Only take medications that treat the symptoms you have. Taking a multi-symptom medication that treats symptoms you don't have is not only a waste, but it can cause unnecessary side effects and may sometimes be dangerous. Likewise, avoid taking multiple medications that may contain the same or similar ingredients because this can lead to an overdose.

One common ingredient that you want to watch for specifically is Tylenol (acetaminophen), which is included in many multi-symptom cold and flu medications. You may not realize you are taking more than a safe dose, which is no more than 4 grams (g) per day for most people and a maximum of 2 g per day for those with liver problems. Taking too much acetaminophen can be life-threatening and lead to liver failure.

Prescriptions

Most healthy people will not need a prescription when they get influenza, but your doctor is the best judge as to whether one is recommended given your health history, age, and other factors.

Consulting your doctor as soon as you have flu symptoms gives you a chance to get a prescription antiviral medication if it would benefit you. Antiviral medications should be started within the first 48 hours of the onset of flu symptoms to be the most effective.

Antiviral medications are different from antibiotics, and they specifically work against the influenza virus to shorten the course of illness, make it milder, and prevent complications. The FDA-approved antiviral medications for influenza are:

  • Tamiflu (oseltamivir phosphate): Available as a pill or liquid suspension and can be given to anyone age 14 days or older
  • Relenza (zanamivir): A powder administered with an inhaler for those ages 7 years and older; not recommended for those with asthma or chronic obstructive pulmonary disease (COPD)
  • Rapivab (peramivir): An intravenous medication
  • Xofluza (baloxavir marboxil): A pill for those ages 12 and older, but not recommended for those who are pregnant, breastfeeding, hospitalized, or have a complicated illness

If you or your child are experiencing difficulty breathing, chest pain, confusion, sudden dizziness or severe lethargy, you should seek immediate medical attention.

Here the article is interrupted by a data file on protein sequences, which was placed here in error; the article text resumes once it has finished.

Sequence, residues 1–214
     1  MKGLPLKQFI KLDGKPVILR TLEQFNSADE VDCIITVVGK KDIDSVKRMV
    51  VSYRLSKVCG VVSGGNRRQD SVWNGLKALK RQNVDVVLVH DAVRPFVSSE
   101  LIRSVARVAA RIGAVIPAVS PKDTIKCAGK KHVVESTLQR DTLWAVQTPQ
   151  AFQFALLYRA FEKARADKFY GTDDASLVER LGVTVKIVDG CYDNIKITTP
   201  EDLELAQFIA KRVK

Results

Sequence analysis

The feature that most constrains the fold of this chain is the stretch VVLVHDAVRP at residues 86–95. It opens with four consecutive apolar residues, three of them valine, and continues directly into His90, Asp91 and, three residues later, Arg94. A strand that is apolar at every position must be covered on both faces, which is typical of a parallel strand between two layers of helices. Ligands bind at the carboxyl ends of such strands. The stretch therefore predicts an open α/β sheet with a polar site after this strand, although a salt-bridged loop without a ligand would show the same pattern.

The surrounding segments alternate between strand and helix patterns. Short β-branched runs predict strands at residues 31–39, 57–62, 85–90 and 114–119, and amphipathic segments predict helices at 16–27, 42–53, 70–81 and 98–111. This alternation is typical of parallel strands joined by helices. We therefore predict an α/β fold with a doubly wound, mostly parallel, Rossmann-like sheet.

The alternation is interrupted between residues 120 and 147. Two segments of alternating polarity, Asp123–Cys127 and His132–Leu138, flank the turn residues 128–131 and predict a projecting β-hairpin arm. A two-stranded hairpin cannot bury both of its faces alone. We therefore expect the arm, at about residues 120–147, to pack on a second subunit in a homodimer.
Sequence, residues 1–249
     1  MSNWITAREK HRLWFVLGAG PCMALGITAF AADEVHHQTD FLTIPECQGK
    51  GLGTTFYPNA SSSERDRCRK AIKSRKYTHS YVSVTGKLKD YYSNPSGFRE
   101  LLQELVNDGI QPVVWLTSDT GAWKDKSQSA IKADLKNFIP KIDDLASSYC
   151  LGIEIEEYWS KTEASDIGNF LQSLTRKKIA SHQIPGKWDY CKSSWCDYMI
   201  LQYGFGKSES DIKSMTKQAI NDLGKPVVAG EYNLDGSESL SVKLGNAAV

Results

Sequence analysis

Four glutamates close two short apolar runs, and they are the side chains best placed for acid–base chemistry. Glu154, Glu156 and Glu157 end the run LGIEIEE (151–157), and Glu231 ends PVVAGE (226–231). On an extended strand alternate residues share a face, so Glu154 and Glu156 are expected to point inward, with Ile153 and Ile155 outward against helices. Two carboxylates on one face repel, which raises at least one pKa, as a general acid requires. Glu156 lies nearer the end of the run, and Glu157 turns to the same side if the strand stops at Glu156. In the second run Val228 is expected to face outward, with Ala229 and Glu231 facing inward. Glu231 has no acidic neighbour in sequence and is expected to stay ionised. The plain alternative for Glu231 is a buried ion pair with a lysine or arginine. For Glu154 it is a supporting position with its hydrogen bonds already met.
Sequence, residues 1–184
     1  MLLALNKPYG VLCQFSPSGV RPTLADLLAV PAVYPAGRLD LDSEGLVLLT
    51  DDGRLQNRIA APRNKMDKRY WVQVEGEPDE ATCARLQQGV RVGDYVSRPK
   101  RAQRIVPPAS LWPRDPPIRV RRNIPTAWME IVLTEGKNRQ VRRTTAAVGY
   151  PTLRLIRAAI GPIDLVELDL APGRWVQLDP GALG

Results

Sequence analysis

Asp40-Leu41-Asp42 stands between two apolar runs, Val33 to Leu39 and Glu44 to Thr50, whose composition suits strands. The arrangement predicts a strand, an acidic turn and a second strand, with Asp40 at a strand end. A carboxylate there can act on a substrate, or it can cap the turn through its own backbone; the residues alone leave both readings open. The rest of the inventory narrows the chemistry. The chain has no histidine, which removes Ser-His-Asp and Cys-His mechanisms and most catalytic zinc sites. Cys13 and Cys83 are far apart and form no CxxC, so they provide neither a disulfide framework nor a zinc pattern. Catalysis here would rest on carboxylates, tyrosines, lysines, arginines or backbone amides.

Even if you're not in a high-risk group, if you develop symptoms of a common flu complication such as bronchitis or pneumonia, contact your healthcare provider to determine the best course of action for you.

Complementary and Alternative Medicine

The National Center for Complementary and Integrative Health notes that no complementary health approach has been shown to be helpful for treating influenza (making it milder or shortening its course).

For relief of symptoms, using a neti pot or other method of saline nasal irrigation may help with congestion. Be sure to use distilled, sterile, or previously-boiled water to make the saline solution.

Honey may help relieve nighttime cough in children. However, it should never be given to children under age 1 due to the risk of botulism.

A Word From Verywell

Knowing what to do when you get the flu may not make having it any easier, but it will ensure that you follow the steps you need to get on the road to recovery as quickly as possible. Most schools have policies that require students to stay home for at least 24 hours after a fever has subsided without the use of fever-reducing medications. Although it may not be a set rule for a workplace, it's a good guideline to follow for adults as well: Just because your fever is gone for a few hours doesn't mean you are better and healthy enough to be at work. Give yourself time to recover.

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Article Sources